What Gave You Strength and the Courage to Face Life in the Months after Being Expelled?
- Personal freedom. Sadly, in my case, there were many painful moments after being expelled, but I had FREEDOM to decide for myself the things I really wanted. I also worked. It’s good for an expelled person not to be alone, without people around or with nothing to do. That only encourages negative thoughts. The most important thing is, then, for the expelled person to feel that he’s not alone. A good tip from your website: to invite him to do something together with other people.
Fortunately, I had already begun to work before I left the community. So I had some money in the bank. I can imagine that some of the people in the group aren’t financially secure. They could find themselves in a chaotic situation, without personal support from external sources (e.g., they could have lived in the community far from their home and then been expelled). Perhaps they have no job, too. In such situations it’s naturally good, if parents/relatives/friends can do their best to make clear that their home is always open and they want to help.
- My plans for the future played an important role in my “healing,” too, I believe. It seems to me as if I had a two-year-long dream, and now am alive again. I have goals and desires again, most of which I’ve expressed to my parents, or which I’ve planned together with them. The big change had some good effects: relocating, quitting a job, and giving almost all my old clothes to a charity. ☺ And a bit of indulgence: to pursue small desires, which are now no longer sins (like coffee and chocolate, for example). I know that I was also in danger of going too far with that, and doing things that I would have later regretted, but fortunately I was aware of this and didn’t do anything stupid. I also sought comfort and community from people who were perhaps not so trustworthy, but I figured it out, and stopped it in time. It certainly helped that my parents and my best friend made so much time for me, because being alone was unbearable (old memories and doubts would emerge then about whether I was now a fallen-away Christian). They also “warned” me to a certain extent, and supported me in a good direction. Once, my best friend said, “Do whatever you want, but stay away from unfamiliar men.” The loneliness was sometimes so terrible that it was really a temptation a couple of times, simply to seek someone for comfort... but then I realized that I would rather be with and talk to people whom I know, and who know me, and whom I can trust entirely.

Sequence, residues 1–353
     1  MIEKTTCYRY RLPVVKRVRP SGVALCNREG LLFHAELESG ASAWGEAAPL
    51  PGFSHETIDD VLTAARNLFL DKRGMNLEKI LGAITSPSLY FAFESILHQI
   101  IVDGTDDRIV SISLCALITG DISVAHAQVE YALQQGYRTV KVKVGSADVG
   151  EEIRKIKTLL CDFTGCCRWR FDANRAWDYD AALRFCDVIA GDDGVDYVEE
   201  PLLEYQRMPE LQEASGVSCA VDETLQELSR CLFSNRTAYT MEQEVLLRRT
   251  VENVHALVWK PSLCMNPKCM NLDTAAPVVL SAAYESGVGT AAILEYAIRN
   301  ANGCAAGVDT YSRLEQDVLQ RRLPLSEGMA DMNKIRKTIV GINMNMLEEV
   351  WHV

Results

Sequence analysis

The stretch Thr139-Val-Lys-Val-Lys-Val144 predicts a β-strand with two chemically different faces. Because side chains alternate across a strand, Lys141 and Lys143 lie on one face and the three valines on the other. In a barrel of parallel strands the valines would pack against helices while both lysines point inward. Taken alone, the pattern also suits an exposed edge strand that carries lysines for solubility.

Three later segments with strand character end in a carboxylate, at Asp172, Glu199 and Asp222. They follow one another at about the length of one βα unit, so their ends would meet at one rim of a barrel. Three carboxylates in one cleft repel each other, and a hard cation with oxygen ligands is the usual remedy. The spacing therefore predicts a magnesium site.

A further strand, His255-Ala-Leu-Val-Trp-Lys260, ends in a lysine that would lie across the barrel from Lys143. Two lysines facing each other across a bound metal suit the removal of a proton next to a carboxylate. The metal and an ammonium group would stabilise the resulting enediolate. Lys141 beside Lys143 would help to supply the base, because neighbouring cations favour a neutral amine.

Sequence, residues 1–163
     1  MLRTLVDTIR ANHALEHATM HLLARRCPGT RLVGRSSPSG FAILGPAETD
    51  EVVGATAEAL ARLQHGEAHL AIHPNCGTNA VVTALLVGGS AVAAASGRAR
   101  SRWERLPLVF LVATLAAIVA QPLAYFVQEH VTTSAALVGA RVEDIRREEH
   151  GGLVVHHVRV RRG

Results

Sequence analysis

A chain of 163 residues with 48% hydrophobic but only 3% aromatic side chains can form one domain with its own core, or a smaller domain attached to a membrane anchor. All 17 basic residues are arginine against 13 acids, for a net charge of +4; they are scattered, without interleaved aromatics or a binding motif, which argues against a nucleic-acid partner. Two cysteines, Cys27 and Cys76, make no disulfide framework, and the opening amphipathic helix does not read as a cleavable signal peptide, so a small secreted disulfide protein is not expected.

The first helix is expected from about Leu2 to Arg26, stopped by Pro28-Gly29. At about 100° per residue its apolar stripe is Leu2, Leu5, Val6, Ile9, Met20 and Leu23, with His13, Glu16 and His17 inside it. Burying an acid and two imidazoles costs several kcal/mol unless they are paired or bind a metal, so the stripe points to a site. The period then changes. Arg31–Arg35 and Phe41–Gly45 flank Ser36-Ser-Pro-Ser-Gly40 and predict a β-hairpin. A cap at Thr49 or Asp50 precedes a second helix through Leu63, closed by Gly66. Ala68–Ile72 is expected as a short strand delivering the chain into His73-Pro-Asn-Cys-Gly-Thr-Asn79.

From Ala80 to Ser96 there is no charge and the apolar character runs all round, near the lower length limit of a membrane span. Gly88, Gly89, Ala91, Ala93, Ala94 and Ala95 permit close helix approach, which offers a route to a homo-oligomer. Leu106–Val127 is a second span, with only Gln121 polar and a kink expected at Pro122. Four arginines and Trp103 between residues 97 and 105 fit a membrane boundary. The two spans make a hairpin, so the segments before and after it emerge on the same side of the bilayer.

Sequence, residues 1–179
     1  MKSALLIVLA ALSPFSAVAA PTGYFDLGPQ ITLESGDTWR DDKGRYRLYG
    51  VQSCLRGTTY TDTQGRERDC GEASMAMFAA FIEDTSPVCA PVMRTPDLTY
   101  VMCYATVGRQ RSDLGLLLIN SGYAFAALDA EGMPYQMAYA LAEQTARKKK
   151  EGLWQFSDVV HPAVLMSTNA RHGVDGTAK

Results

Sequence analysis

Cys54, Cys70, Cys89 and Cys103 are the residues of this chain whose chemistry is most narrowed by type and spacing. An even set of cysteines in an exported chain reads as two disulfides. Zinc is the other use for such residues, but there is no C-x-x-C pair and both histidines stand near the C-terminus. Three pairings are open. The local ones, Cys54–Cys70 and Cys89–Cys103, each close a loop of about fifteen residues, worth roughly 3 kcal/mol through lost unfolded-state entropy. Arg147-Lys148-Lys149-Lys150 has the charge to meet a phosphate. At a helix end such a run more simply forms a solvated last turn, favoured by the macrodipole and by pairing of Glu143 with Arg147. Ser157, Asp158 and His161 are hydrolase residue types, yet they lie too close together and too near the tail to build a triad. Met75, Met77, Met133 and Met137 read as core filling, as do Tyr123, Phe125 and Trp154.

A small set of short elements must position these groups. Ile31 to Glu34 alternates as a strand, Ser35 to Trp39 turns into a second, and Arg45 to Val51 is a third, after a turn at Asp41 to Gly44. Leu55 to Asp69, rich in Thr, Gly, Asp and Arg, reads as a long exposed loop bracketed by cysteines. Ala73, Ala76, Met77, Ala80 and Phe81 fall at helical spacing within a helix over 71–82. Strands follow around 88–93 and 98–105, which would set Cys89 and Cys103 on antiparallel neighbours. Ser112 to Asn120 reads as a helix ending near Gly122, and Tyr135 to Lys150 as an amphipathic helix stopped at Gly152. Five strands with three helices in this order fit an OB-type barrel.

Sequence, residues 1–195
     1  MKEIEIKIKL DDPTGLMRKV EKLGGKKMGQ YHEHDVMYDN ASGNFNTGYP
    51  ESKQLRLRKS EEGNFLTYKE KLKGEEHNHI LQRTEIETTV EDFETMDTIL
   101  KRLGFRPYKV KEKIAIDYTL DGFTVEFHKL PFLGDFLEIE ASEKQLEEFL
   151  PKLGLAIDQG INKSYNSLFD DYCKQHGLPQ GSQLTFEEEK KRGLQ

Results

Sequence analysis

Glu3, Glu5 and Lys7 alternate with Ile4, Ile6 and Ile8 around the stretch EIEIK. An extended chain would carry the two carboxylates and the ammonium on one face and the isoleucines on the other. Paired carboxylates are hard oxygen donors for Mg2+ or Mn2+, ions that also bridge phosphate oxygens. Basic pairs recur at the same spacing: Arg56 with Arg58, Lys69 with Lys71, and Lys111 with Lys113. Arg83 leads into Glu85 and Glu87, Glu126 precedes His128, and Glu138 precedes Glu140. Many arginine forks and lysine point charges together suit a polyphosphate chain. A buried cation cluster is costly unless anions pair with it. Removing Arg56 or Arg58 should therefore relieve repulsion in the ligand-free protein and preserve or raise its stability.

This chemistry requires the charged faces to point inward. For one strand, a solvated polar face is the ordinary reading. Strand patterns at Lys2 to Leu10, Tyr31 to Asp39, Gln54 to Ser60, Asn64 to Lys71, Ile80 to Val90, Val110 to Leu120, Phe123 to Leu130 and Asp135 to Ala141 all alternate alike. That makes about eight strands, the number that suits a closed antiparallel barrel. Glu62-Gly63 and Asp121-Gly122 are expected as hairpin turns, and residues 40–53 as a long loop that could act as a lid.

The personal relationship to God.
The conviction that I didn’t want to leave God, but rather want to do my best to seek Hirn and live with Hirn.
Much prayer, especially praise and thanksgiving (Hebrews 13:15), the reading and hearing of the Bible and Christian songs fforn the community. In the beginning, I was not at all in the mood for singing, but it was calming for me to read the lyrics which we had sung in the community. It also helped me to think that the worst-case-scenario (being excluded) had already happened. So there was no reason to be scared of it anymore. The hope that things [causing my exclusion] could be explained, and that I could retum to the community, helped. The memory of my relationship to God, and my encounters with Hirn, ffom the beginning, as well as from before the time in the community.
I would encourage an excluded person to search for a personal relationship to God, on the foundation of the Bible, independent of the community or group. And regarding the [non-Holic] church: to search for God’s leading.